“When you see the face of Priest Bill Beaver when he gets his sight back. That grin on his face, fantastic. This is what you do it for. That is also the beauty of a medical product, we really contribute a lot to the quality of life.”Perry van Rijsingen, About the first successful surgery, BBC made an item about this.

At what moment did you think: “I’m quitting’?
“Before starting this, you know that you have to have a lot of patience. Bringing a medical device to the market takes years. It is an intensive and lengthy process, I never had illusions in this. That is why there hasn’t been a single moment where I hesitated to quit. In addition, I have only been active for fourteen months, whereas the rest of the team has been working on the Preceyes system for almost a decade, so it’s a little early to quit already, isn’t it?”

“But you must have a lot of perseverance, patience is important. Whether I’m frustrated sometimes about the testing phase taking so long? You could see it that way, but you can also see it as an advantage. Every component and every process is extensively tested and reviewed. If you pass all these strict medical tests, you have a reliable product that is extremely accurate and offers 100% safety. So for the competition, it won’t be easy to reach the same level.”

What makes you lyrical?
“The moment of the first surgery, end of August last year in Oxford, that was a highlight of course. Not just the fact that the surgery took place. But everything around it. The BBC made an item about this, if you see the face of the operated man, Priest Bill Beaver, when he gets his sight back. That grin on his face, fantastic. This is what you do it for. That is also the beauty of a medical product, we really contribute a lot to the quality of life.”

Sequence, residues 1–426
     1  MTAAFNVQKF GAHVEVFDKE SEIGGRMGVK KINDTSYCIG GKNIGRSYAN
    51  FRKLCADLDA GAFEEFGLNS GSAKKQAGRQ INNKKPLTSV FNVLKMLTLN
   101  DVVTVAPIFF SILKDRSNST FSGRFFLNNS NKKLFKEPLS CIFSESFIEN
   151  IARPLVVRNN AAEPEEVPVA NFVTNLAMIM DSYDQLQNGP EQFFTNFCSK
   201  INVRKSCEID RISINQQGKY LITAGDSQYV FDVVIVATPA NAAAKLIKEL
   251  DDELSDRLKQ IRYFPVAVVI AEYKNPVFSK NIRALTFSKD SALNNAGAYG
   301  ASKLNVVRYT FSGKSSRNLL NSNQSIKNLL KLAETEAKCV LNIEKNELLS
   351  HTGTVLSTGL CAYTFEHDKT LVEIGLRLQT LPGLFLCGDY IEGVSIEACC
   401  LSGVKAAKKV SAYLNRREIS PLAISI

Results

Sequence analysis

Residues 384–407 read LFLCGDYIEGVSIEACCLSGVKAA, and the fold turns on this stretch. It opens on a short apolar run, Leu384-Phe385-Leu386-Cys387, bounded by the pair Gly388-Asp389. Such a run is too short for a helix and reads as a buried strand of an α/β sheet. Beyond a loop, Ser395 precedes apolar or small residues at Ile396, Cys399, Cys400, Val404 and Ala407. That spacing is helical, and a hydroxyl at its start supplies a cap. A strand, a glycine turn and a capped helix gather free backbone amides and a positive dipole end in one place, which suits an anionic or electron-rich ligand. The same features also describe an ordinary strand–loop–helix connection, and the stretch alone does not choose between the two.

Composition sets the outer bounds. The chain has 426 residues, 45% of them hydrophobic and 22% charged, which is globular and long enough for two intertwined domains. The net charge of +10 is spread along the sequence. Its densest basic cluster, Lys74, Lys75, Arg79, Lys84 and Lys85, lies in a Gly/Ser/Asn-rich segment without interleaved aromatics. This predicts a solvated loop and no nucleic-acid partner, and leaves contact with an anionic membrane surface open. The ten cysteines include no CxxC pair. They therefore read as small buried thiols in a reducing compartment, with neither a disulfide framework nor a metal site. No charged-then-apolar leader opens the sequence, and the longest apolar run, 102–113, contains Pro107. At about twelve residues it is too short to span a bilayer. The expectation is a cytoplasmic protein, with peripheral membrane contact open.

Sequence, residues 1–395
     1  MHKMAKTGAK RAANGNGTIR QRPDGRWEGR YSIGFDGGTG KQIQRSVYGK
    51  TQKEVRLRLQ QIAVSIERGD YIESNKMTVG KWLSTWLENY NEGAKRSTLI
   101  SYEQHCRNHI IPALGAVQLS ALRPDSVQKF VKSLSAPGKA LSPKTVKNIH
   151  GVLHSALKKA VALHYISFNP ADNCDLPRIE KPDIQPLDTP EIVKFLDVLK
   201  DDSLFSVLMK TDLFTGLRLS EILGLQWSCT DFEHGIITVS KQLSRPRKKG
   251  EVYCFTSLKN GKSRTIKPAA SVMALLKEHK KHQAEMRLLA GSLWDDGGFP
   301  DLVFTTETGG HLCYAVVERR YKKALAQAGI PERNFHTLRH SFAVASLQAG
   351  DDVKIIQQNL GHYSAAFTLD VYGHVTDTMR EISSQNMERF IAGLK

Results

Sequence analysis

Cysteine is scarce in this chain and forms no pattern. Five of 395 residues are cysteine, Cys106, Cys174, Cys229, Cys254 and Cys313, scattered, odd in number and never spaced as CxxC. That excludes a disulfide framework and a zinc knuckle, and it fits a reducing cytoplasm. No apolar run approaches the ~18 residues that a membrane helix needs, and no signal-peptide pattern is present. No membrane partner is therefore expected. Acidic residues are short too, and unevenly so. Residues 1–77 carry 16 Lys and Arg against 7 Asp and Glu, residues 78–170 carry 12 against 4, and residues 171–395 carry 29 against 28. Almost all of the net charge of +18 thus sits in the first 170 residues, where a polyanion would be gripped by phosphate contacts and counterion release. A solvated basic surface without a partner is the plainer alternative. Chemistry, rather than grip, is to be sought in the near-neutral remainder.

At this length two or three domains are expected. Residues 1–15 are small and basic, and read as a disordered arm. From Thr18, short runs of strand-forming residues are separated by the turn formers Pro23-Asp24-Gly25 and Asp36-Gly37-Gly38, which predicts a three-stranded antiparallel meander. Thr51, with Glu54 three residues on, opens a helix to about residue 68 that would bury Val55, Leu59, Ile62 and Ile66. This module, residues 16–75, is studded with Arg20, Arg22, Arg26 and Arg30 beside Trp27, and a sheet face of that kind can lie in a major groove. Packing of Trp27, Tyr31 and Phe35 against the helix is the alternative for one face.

“In the coming years, more and more new treatments for serious retinal problems will come on the market: cell therapy, gene therapy, newer medications and other forms of surgery. These treatments can be performed with the system of Preceyes. There is currently only a handful of surgeons in the world who can perform these new methods, if they even dare. Because one minor mistake can mean that the patient becomes blind forever. With Preceyes, the drug delivery goes more accurately and safely, no matter how skilled the surgeon is. Because of this precision and safety, it also becomes possible to perform operations in the future that are now not possible yet.”

What can we expect from you the next twelve months?
“That depends a bit on how fast the funding comes about. But that doesn’t mean that we’re waiting until the deal is done, you can imagine that there’s plenty to do. The Eye hospital in Rotterdam has purchased our Robot, we are going to research together what’s the best way for doctors to use the assisting robot. The intention is to start surgery on the first patients in early 2018. It will be a multi-year research and all results will be used to develop the next generation of robots.”

“We have interests from countries like India and China, those are growth markets because people with a retinal problem often don’t undergo surgery because there are still too few surgeons who can perform this complex retinal surgery. With an assisting robot, you can solve that problem. But a lot of progress can also be made in the western world. No matter how skilled the surgeons are, it becomes safer and more accurate with a robot. So we also keep focussing on the western market. In addition, in the long run, we will start focussing on improving other operations on the eye. Think about cataract surgery and corneal surgery, for example.”